Least squares based finite element formulations and their applications in fluid mechanics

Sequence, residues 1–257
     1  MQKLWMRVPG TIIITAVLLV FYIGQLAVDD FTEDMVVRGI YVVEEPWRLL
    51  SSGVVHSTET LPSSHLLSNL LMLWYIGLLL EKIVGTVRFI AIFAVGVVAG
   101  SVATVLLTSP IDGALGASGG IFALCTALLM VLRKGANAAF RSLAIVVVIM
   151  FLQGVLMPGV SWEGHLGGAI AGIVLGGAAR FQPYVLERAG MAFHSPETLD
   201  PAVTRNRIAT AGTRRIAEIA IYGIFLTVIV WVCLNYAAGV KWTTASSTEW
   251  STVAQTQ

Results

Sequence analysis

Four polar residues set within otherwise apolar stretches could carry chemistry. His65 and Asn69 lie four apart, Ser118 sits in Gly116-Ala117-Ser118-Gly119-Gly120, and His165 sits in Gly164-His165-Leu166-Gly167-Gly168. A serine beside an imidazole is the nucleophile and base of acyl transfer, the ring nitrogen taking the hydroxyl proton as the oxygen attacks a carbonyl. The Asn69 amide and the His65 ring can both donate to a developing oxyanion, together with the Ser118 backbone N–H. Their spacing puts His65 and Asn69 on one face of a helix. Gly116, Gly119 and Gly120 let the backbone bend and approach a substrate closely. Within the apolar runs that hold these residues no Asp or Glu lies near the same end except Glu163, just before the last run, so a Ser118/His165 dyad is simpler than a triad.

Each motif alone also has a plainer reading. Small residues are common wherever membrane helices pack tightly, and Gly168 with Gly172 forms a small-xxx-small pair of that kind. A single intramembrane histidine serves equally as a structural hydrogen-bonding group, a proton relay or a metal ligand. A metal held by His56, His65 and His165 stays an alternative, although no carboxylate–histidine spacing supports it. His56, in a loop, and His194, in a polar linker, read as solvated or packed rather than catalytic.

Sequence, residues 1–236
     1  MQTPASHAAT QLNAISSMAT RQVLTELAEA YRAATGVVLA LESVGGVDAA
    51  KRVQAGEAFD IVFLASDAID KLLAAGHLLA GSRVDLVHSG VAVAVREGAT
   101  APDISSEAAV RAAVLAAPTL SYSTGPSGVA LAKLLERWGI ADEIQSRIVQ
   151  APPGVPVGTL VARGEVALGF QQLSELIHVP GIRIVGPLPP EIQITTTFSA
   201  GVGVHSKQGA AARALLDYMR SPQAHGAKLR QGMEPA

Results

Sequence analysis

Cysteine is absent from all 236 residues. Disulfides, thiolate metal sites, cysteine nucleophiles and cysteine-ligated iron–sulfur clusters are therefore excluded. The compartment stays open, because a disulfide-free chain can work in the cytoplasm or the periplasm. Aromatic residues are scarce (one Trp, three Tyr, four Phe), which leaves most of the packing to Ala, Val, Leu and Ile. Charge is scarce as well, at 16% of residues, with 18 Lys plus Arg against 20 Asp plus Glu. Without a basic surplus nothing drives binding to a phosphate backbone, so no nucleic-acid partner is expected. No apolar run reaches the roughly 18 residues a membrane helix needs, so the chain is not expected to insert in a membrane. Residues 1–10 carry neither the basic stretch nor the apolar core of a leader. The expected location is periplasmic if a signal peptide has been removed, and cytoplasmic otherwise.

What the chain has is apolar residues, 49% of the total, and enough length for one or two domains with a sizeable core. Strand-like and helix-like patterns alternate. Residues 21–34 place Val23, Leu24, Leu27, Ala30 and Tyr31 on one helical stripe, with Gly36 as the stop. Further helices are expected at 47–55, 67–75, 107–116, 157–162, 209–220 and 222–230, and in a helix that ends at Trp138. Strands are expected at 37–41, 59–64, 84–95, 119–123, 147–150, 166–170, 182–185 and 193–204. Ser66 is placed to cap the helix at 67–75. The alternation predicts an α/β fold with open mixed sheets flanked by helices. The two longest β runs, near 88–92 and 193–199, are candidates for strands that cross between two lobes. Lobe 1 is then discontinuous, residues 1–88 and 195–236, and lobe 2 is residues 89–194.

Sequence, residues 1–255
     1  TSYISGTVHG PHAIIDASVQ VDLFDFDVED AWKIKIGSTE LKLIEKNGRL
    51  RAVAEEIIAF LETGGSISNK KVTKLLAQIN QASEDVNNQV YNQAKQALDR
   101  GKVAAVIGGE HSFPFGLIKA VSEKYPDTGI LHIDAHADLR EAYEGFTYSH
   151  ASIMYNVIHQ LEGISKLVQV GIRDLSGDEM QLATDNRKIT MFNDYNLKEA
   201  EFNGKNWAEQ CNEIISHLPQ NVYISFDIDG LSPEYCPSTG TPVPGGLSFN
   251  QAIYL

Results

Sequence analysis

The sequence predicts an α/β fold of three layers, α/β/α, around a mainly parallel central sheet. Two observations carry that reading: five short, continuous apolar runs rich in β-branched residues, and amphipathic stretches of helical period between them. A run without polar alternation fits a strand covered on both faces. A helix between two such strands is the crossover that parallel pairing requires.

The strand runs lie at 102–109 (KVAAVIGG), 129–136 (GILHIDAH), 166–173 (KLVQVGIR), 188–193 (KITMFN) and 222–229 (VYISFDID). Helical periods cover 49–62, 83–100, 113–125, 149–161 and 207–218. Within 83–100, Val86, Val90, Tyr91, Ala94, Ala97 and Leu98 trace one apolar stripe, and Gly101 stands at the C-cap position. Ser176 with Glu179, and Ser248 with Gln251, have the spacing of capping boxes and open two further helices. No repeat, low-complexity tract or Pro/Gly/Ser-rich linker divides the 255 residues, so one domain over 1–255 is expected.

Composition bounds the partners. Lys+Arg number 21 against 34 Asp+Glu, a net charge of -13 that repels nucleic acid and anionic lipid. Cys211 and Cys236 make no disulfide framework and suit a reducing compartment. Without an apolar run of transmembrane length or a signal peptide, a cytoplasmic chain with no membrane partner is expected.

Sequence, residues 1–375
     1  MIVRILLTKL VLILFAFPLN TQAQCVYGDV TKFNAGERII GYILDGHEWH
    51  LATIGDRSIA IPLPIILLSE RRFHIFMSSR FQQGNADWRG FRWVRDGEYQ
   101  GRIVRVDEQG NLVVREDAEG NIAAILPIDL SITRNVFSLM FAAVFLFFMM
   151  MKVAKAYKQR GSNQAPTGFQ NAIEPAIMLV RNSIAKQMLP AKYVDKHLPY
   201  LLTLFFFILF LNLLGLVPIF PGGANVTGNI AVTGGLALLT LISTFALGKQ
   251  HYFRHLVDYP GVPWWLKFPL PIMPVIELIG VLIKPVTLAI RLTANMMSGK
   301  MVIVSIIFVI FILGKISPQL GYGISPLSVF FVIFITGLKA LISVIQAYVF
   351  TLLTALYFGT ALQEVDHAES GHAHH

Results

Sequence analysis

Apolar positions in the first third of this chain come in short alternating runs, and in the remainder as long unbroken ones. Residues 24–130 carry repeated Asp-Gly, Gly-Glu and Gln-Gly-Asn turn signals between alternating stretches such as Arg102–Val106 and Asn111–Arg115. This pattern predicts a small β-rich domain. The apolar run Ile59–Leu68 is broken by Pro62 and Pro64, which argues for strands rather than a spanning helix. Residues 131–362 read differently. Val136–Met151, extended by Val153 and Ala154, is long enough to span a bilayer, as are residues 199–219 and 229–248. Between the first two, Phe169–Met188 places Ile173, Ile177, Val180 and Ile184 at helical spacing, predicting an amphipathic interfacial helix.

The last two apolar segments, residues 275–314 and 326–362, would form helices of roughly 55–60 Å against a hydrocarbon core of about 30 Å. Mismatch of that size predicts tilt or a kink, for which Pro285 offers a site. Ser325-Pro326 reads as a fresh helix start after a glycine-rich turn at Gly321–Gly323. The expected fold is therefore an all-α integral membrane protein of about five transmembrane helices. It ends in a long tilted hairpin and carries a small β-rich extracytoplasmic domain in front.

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In this research, least-squares based finite element formulations and their applications in fluid mechanics are presented. Least-squares formulations offer several computational and theoretical advantages for Newtonian as well as non-Newtonian fluid flows. Most notably, these formulations circumvent the inf-sup condition of Ladyzhenskaya-Babuska- Brezzi (LBB) such that the choice of approximating space is not subject to any compatibility condition. Also, the resulting coefficient matrix is symmetric and positive-definite. It has been observed that pressure and velocities are not strongly coupled in traditional leastsquares based finite element formulations. Penalty based least-squares formulations that fix the pressure-velocity coupling problem are proposed, implemented in a computational scheme, and evaluated in this study. The continuity equation is treated as a constraint on the velocity field and the constraint is enforced using the penalty method. These penalty based formulations produce accurate results for even low penalty parameters (in the range of 10-50 penalty parameter). A stress based least-squares formulation is also being proposed to couple pressure and velocities. Stress components are introduced as independent variables to make the system first order. The continuity equation is eliminated from the system with suitable modifications. Least-squares formulations are also developed for viscoelastic flows and moving boundary flows. All the formulations developed in this study are tested using several benchmark problems. All of the finite element models developed in this study performed well in all cases. A method to exploit orthogonality of modal bases to avoid numerical integration and have a fast computation is also developed during this study. The entries of the coefficient matrix are calculated analytically. The properties of Jacobi polynomials are used and most of the entries of the coefficient matrix are recast so that they can be evaluated analytically.